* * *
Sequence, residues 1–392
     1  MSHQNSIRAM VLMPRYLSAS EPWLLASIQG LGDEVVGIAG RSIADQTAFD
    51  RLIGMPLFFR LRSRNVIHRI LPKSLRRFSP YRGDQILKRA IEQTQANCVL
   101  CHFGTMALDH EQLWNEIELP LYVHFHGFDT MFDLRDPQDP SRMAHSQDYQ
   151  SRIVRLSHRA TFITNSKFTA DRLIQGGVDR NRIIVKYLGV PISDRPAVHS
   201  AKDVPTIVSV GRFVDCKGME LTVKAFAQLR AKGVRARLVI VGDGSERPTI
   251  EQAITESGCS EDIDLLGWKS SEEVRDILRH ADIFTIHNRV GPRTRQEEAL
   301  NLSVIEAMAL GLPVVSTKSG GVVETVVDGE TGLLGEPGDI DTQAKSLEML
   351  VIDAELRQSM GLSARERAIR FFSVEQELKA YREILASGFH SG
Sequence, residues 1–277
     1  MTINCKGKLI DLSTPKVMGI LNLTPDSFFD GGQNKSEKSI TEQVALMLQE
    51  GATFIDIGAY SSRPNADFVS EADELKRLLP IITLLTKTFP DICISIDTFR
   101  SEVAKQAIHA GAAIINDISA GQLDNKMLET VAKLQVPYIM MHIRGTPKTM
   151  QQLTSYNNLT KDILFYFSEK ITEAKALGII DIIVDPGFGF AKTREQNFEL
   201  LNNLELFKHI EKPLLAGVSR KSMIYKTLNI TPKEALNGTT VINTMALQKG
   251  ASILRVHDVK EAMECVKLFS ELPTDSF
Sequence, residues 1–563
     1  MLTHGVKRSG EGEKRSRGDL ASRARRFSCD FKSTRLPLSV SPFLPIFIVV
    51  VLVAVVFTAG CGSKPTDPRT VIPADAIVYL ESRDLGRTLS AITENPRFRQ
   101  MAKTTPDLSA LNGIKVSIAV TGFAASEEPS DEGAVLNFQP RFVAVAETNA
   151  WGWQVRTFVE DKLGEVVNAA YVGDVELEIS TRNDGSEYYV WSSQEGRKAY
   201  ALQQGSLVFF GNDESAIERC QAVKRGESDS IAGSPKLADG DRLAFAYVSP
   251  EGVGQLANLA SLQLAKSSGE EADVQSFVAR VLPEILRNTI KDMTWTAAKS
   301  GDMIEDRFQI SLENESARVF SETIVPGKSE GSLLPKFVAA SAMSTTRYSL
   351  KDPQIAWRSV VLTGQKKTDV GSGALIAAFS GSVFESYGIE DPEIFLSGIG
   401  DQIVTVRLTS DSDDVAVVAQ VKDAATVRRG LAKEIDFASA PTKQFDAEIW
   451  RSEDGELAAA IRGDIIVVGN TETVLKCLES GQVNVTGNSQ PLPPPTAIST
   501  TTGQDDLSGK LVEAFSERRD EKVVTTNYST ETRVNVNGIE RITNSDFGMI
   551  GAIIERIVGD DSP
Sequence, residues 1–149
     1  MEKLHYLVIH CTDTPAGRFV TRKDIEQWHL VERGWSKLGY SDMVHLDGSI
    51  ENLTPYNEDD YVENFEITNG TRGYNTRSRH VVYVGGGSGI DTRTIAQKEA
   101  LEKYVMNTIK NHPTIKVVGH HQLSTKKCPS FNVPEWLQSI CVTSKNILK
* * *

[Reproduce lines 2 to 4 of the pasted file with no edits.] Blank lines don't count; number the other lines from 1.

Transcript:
     1  MSHQNSIRAM VLMPRYLSAS EPWLLASIQG LGDEVVGIAG RSIADQTAFD
    51  RLIGMPLFFR LRSRNVIHRI LPKSLRRFSP YRGDQILKRA IEQTQANCVL
   101  CHFGTMALDH EQLWNEIELP LYVHFHGFDT MFDLRDPQDP SRMAHSQDYQ